Things You Need to Know
The good news is that YES, you CAN plant and enjoy gardening this year and in any year or place where water conservation is a concern or necessity.
1. Landscapes can not only survive, but thrive using less water. One key factor to this is the soil. Mix compost, peat moss, Back to Earth, or other amendments in to not only improve soil by adding organic matter and loosening up our heavy clays, but also to help add water retaining material. Back to Earth is composed of composted cotton bolls and it’s the best thing we’ve found to break up the heavy clay soils here.
2. Xeriscape isn’t a type of specialty garden, but rather a system of principles that all work together to conserve water in the landscape. Many annuals and perennials that you wouldn’t necessarily expect to be classified as “xeric” appear on Colorado’s Xeric List. Some of these include petunias, alyssum, lantana, gazanias, daylilies, rudbeckias, lavender and more.
3. Use the technology that is available to you in order to garden successfully and prudently. Install timers on hoses and irrigation. Use drip systems, soaker hoses and more efficient ways to water rather than broadcast sprinklers. We highly recommend the use of Soil Moist as an additive in your pots, baskets and even beds to hold water rather than let it run off. Soil Moist is a polymer that plumps up when wet, then releases that moisture as your plant dries out throughout the day. We use it in all of our containers and hanging baskets.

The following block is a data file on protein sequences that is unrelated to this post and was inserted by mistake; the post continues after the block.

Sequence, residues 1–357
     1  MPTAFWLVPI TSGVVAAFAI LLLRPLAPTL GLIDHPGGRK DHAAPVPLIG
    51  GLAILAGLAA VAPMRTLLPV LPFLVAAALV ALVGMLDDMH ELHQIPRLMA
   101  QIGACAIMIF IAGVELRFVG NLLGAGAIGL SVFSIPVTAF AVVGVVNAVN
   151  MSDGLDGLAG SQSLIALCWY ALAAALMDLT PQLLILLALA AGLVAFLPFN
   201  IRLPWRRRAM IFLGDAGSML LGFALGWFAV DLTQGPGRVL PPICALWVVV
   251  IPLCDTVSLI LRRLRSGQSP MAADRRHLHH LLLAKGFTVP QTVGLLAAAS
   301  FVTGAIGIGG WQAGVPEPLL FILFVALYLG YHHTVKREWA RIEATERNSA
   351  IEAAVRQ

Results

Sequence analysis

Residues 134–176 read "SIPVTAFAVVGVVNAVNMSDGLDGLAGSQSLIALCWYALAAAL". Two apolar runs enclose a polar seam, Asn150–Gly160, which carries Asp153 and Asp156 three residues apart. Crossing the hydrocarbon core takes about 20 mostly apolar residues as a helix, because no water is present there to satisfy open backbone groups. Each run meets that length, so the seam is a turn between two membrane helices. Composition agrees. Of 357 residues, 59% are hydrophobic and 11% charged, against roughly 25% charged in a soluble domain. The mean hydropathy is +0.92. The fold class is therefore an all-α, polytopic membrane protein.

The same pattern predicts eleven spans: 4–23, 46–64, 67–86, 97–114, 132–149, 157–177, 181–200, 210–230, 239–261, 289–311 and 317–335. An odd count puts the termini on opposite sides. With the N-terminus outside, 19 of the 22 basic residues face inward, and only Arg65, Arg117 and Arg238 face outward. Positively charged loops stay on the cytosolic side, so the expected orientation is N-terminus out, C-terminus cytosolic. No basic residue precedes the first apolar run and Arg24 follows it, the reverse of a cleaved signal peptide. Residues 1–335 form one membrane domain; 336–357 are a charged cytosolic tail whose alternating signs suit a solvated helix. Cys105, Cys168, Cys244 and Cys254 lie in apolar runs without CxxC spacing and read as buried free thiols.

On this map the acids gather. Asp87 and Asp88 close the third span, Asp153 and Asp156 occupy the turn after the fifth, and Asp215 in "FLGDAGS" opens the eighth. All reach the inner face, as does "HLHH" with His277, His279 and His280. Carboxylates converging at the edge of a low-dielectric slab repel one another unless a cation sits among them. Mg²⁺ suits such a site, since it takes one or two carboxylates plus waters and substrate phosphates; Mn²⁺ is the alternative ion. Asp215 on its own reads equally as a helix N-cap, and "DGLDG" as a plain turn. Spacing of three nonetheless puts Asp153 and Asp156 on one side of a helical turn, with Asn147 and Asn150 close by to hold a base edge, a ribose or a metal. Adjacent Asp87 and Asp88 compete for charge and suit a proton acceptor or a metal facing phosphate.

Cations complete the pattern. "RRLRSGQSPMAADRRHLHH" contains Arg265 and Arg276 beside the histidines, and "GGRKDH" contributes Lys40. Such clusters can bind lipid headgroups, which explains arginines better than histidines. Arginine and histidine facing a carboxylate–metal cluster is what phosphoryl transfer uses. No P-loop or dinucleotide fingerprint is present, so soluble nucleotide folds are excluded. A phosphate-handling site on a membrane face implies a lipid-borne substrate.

4. Put down weed barrier, then cut holes in that and plant, then mulch on top. The weed barrier and mulch are excellent ways to conserve water and keep it from evaporating.
5. No water means dead grass but low water means dormant grass. Kentucky blue grass is one of the most drought resistant plants available. It can go dormant and turn brown during the summer months, only to return to green once the rains begin.
6. Fertilizer is more important than ever in order for plants to establish good root systems.
Conserving water indoors helps to provide water for trees, gardens, flowers and lawns as well as our farming neighbors.
1. Install a water efficient showerhead and shorten showers.
2. Put a bucket or basin in the shower and catch the runoff to use to water plants or pots outside.
3. Check for leaks on faucets, toilets and washers.
4. Run only full loads in the dishwasher and washing machine.
5. Limit flushing when possible.